Currently, the Malaysian corporate income tax is flat, with rate imposed at 24%. (Well, it is not that simple. Our corporate income tax is somewhat progressive, but only for SMEs. SMEs pay 17% income tax on the first half a million of net income, and then 24% for any profit above that. Yes, two brackets.)

There are some debates on why corporate income tax is flat and not progressive. I will not be going there and it is a whole other debate to be had.

But strictly from tax collection perspective and for the purpose of finding a mirror policy, I would think progressive corporate income tax would be better than an arbitrary windfall tax. Better in the sense that it mirrors windfall tax collection while minimizing corruption risk.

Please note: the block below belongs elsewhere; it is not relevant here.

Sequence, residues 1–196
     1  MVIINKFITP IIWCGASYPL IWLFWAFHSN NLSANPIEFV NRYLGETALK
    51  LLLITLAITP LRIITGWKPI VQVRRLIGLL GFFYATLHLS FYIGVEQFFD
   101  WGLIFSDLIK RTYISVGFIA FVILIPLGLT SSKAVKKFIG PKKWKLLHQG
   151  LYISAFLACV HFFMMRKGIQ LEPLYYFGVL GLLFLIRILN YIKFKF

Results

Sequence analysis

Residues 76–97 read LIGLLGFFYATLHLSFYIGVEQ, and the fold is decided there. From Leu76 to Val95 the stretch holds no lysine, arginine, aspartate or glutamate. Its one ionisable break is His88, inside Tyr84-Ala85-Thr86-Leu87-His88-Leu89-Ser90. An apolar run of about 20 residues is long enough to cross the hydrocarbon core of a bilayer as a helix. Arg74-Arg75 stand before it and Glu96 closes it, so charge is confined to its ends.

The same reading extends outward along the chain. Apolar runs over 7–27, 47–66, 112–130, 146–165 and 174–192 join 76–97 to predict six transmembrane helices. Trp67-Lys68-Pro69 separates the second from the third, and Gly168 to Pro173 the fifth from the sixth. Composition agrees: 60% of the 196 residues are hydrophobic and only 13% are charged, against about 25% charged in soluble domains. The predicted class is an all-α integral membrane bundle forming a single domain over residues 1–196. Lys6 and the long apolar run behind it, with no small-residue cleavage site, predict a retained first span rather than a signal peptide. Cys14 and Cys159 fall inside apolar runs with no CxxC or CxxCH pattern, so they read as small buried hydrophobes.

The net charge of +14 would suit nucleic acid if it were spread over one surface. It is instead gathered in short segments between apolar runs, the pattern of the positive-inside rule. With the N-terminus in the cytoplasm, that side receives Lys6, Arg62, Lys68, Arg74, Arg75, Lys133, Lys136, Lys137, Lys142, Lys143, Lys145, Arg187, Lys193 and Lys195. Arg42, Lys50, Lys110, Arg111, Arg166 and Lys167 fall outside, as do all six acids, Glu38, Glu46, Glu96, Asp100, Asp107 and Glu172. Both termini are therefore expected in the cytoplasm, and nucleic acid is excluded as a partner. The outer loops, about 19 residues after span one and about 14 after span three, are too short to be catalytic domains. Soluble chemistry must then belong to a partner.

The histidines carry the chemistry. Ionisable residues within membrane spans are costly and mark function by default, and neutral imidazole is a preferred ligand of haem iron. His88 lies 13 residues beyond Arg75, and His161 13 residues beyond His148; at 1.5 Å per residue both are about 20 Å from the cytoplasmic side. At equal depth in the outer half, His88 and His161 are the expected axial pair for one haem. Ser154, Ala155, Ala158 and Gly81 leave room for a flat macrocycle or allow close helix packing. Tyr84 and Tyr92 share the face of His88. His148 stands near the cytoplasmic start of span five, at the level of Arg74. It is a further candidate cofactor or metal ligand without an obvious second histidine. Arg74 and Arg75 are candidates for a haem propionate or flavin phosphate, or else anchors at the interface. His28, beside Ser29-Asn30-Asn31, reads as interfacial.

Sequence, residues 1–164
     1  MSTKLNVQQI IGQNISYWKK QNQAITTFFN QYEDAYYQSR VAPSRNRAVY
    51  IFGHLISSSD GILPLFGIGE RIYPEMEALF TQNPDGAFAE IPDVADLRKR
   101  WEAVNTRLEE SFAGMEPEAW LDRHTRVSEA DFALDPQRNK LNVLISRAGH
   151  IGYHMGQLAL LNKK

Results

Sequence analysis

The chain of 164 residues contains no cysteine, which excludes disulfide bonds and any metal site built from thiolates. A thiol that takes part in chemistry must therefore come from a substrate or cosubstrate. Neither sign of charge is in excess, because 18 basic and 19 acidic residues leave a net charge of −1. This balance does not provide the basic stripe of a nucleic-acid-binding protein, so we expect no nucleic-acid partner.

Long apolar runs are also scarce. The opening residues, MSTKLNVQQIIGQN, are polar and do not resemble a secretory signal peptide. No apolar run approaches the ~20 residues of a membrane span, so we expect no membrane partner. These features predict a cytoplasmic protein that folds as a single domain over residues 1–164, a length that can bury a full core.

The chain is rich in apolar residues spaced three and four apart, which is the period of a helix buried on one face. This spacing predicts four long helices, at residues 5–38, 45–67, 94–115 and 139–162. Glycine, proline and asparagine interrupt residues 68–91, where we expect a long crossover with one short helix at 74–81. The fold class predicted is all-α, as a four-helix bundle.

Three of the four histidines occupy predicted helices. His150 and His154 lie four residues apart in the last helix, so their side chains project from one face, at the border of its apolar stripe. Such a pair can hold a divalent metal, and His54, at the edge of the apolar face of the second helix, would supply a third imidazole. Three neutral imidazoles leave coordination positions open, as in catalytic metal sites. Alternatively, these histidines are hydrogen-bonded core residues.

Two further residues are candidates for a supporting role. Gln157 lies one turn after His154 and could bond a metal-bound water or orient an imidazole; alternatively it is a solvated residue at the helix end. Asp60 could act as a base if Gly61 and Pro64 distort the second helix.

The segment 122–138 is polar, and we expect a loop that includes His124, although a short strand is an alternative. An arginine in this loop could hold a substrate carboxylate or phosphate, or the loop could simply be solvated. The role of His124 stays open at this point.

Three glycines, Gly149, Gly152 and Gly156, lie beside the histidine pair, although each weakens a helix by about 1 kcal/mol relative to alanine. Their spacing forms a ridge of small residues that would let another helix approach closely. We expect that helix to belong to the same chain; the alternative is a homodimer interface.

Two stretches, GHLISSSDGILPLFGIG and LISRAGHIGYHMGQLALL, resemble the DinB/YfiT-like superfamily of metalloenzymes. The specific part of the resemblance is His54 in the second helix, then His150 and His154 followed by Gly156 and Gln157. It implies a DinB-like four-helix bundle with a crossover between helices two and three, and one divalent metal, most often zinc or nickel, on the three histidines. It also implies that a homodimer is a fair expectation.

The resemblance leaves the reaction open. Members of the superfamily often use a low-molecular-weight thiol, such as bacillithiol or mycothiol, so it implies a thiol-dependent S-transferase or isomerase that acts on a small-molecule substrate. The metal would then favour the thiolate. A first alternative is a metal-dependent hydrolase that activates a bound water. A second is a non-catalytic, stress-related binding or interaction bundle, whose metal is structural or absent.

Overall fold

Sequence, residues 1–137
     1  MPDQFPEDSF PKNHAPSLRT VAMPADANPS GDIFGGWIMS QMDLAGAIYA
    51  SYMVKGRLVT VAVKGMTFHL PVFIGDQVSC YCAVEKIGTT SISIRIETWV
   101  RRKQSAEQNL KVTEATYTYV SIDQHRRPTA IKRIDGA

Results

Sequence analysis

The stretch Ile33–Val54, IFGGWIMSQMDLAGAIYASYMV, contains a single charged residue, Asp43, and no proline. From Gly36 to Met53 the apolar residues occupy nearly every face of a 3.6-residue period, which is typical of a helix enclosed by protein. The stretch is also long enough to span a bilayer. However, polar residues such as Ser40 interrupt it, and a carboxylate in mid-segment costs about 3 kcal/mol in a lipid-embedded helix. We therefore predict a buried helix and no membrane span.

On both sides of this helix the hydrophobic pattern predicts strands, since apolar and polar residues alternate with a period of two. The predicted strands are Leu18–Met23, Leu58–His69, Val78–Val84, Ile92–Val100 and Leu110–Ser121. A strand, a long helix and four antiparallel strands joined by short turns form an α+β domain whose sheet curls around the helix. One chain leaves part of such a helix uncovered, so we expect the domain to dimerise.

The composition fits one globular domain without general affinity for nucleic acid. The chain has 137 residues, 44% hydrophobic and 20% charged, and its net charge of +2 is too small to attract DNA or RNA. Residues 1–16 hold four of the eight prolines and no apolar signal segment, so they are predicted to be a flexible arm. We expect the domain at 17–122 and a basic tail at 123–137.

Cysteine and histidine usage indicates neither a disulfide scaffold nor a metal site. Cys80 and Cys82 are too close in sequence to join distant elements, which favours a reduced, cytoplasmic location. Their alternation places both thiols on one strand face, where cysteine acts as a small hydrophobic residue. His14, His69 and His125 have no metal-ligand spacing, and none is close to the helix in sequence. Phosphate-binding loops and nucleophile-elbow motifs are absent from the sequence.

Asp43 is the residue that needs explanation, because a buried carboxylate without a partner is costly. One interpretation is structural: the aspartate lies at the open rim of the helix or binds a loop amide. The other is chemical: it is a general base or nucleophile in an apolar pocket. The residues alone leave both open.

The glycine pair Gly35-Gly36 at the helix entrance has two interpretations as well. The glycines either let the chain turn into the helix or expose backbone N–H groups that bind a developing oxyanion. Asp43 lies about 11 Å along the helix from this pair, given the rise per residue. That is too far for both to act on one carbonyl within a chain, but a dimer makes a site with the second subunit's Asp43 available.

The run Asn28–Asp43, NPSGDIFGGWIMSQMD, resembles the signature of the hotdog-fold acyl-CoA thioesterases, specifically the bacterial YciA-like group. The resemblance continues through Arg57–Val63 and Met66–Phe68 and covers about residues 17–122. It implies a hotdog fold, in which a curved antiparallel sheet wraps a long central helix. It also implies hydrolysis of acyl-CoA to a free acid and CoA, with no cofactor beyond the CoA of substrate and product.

The challenge is to finding such a mimic is this: how could we generalize the brackets and the tax rates so that it could capture supernormal profit across industries fairly, while not punishing the others?

That is a difficult question to answer because each company or sector has its own typical profit level. For instance, a supernormal profit level as currently enjoyed by glovemakers are terrible figures for giants like Petronas during normal times.

In any case, theoretically, a progressive corporate income tax mimicking windfall tax would have a J-curve (or even an L-curve): mostly flat rates for most income brackets, but rises dramatically for supernormal bracket.

Hybrid?

Alternatively, we could add an if-then function to the corporate income tax code: if your yearly net profit is above a certain level and it grows by more than 400% (or some superprofit benchmark) compared to the previous year, then you would face a tax rate higher than 24%. This would be a hybrid between progressive corporate income tax and a windfall tax, and it would still be rule-based.

Categories
Economics